Indirect Cloud Effects from Biomass Burning Smoke in the Arctic and Subarctic: Insights from Multiple In-Situ Datasets

Friday, 19 December 2014
Lauren M Zamora1,2, Ralph A Kahn1, Bruce E Anderson3, Greg M McFarquhar4, Armin Wisthaler5 and Alla Zelenyuk6, (1)NASA Goddard Space Flight Center, Greenbelt, MD, United States, (2)Oak Ridge Associated Universities Inc., Oak Ridge, TN, United States, (3)NASA Langley Research Center, Hampton, VA, United States, (4)Univ Illinois, Urbana, IL, United States, (5)University of Oslo, Oslo, Norway, (6)Pacific Northwest National Laboratory, Richland, WA, United States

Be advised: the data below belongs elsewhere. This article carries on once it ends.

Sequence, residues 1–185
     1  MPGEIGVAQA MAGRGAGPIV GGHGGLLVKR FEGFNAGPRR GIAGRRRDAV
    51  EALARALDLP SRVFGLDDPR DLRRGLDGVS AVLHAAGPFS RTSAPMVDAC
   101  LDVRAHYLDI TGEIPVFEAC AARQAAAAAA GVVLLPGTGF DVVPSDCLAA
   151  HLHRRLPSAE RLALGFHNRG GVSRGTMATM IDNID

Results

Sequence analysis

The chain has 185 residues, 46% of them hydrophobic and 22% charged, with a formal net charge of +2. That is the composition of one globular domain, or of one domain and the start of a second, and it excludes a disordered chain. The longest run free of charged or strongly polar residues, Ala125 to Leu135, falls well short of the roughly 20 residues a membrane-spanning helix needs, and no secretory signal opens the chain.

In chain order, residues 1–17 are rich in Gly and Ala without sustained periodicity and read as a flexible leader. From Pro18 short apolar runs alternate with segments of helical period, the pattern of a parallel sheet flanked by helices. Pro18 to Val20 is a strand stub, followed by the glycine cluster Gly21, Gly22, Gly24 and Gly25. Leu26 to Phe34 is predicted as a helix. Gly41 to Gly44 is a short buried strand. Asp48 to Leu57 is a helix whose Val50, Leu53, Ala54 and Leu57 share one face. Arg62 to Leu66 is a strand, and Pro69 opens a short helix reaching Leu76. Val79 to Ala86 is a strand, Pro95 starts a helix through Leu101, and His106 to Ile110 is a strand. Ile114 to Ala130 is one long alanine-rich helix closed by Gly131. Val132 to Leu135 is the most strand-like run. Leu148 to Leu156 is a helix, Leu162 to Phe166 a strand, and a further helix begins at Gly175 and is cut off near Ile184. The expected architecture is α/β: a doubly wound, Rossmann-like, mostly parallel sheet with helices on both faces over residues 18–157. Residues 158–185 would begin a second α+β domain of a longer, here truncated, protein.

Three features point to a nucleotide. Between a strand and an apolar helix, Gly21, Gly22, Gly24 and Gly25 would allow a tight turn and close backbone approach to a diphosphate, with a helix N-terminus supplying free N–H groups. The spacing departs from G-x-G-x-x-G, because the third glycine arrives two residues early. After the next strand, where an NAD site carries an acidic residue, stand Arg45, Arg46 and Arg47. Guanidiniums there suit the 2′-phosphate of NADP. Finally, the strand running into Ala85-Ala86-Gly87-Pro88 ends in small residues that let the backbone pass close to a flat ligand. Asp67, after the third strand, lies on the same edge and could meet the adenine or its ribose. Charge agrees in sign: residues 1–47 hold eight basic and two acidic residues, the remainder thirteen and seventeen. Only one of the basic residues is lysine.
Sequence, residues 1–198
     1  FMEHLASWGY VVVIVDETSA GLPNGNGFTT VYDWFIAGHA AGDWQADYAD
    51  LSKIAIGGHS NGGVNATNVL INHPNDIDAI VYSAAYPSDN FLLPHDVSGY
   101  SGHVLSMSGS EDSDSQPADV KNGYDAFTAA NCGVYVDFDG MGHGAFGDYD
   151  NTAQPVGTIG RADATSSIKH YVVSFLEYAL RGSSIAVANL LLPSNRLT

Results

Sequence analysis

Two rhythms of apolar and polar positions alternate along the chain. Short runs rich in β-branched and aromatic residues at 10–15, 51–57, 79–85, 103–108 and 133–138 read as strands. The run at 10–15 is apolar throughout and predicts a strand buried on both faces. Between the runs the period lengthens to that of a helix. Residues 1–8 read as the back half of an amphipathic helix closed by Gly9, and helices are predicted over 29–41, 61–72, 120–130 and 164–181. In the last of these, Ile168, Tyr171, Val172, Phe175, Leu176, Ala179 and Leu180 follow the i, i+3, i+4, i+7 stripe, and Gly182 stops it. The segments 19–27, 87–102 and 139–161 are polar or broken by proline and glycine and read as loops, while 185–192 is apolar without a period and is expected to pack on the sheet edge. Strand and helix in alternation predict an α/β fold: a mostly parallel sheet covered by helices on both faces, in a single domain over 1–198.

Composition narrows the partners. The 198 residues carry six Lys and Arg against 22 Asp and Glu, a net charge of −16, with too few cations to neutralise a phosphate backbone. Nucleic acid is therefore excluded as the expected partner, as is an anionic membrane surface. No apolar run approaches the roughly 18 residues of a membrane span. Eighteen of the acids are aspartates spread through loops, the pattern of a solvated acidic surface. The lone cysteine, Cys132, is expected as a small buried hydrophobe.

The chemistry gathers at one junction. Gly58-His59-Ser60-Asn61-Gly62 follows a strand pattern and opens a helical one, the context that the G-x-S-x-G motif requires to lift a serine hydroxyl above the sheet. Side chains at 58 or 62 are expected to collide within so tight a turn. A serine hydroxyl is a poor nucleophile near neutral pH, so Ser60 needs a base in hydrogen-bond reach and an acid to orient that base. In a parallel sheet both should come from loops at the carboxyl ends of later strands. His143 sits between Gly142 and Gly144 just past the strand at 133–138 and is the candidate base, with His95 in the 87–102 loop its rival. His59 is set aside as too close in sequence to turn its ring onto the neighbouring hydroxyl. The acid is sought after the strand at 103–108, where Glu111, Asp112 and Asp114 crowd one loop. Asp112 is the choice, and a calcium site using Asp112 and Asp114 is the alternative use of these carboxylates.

The incidence of wildfires in the Arctic and subarctic is increasing; in boreal North America, for example, the burned area is expected to increase by 200- 300% over the next 50-100 years. In some cases, local and long-range smoke transported to the Arctic has already increased aerosol concentrations twofold, which previous studies suggest could have a large effect on cloud microphysics, lifetime, albedo, and precipitation. However, the interactions between smoke particles and clouds remain poorly understood, in part due to the confounding influence of varying meteorological and surface conditions. Here, we use data from several aircraft campaigns in the Arctic and subarctic (the Arctic Research of the Composition of the Troposphere from Aircraft and Satellites-B campaign (ARCTAS-B), the Indirect and Semi-Direct Aerosol Campaign (ISDAC), and the First ISCCP Regional Experiment Arctic Clouds Experiment (FIRE.ACE)) to compare cloud microphysics in liquid, ice, and mixed-phase clouds sampled at similar temperature and pressure in the presence and absence of biomass burning smoke. Care is taken to place findings in context of meteorological conditions. Preliminary data from the ARCTAS-B campaign suggest a noticeable impact of smoke on cloud properties in the liquid phase, consistent with the Twomey effect (smaller cloud droplet radius), and greater liquid water path and estimated cloud optical depth. Continuing work involves using the combination of field cases and satellite data from MISR, MODIS, CALIPSO, and other sources to more fully characterize the impact of smoke on Arctic clouds.